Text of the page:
Sunday, September 25, 2022

The Real Story of Titu Mir

Sunset at River Hooghly, Kolkata 

In Mahasweta Devi’s novel Titu Mir, the eponymous protagonist is glorified as the charismatic freedom fighter who, in the 1830s, led the revolt against the British in Bengal. Utpal Dutt has directed a play which glorifies Titu Mir as a freedom fighter. But what is the real story of Titu Mir? 

Born in 1782, Titu Mir began his life as a small farmer with a tendency for violence. He became involved in criminal activities and was forced off the land by the locals. He drifted to Calcutta, where he became a professional wrestler. Eventually he was hired by a landlord to work as a lathait (big stick enforcer). He was arrested by the police on the charge of being involved in a fight and sent to jail. After his release from jail, he found work as the bodyguard of a minor member of Delhi's Mughal royal family. In 1821, Titu Mir accompanied his employer to Hajj. 

While he was in Arabia, Titu Mir met a fellow Indian who had a large following among Muslims in North India: the fundamentalist Wahhabi preacher Syed Ahmad Barelvi. Barelvi preached intolerance toward those who would not adopt the Wahhabi principles, including other Muslims, and he wanted to transform the Indian subcontinent into a Wahhabi empire. Titu Mir became a convert to Wahhabism. When he returned to India he began organizing the Muslim peasants in Bengal to wage war on disbelievers and propagate Wahhabism to the Bengalis.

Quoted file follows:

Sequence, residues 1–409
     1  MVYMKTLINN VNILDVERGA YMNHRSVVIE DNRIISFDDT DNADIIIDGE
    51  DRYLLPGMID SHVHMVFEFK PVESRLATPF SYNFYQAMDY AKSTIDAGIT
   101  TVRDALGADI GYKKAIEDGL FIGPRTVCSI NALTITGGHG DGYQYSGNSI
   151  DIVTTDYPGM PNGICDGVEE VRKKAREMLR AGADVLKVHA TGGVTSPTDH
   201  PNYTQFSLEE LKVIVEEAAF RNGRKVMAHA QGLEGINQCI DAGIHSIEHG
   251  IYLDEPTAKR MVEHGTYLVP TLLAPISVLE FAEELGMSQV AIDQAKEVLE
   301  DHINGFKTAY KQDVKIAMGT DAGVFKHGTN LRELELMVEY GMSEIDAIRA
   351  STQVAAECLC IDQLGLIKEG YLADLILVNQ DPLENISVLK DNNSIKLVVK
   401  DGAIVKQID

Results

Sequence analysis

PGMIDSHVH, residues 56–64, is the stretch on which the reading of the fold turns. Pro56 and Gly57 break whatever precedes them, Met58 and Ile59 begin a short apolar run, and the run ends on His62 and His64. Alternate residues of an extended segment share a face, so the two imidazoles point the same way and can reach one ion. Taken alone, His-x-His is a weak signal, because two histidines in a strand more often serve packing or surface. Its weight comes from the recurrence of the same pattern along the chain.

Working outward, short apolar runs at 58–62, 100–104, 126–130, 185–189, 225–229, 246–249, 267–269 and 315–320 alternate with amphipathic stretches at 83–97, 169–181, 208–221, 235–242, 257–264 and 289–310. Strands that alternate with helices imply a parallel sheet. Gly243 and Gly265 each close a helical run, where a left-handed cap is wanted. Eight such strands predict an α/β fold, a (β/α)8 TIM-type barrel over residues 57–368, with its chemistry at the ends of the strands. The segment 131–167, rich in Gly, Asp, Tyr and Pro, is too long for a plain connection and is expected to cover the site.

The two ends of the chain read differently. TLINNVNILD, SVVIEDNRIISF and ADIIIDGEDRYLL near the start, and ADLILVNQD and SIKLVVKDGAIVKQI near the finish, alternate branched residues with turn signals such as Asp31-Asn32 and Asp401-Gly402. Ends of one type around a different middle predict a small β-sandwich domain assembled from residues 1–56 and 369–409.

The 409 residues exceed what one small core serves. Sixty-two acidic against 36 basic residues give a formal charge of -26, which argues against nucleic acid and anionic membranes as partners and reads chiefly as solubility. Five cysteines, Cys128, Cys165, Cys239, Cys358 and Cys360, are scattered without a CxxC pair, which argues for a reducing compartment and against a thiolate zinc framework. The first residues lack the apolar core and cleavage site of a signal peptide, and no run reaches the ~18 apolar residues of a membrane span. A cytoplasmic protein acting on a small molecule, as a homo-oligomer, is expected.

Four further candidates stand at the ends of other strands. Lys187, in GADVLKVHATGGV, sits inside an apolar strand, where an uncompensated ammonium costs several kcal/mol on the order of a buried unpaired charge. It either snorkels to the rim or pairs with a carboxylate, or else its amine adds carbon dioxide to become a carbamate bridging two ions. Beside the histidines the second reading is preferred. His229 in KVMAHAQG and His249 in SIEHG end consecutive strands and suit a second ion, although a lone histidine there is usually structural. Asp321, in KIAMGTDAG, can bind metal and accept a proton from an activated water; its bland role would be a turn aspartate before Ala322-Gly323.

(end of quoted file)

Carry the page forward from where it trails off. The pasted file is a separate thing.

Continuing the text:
Titu Mir’s militia caused little damage to the British; the biggest victims of his militia were the Bengali Hindus. He unleashed a reign of terror to evict the Hindu zamindars (landlords) and peasants who refused to convert to Wahhabi Islam and join his militia. He managed to gain control over a number of districts in the Bengal presidency, and declared himself as the badshah (king) of Bengal. He nominated a man called Muizz ad-Din as his wazir (minister of high rank) and his nephew Ghulam Masum Khan as his senapati (general). 

To save themselves from Titu Mir’s rampage, some zamindars cooperated with the British. In 1831, Titu Mir’s militia was defeated and he was killed. 

Despite his defeat and death in the battle, Titu Mir had a deep impact on Bengal’s culture. Wahhabism took root in Bengal and large-scale conversions to Islam started happening. Intellectuals like Mahasweta Devi and Utpal Dutt have given an incorrect portrayal of Titu Mir in their works. He was not a freedom fighter—he was a Wahhabi fundamentalist and a dangerous warlord who committed terrible atrocities on Bengali Hindus.

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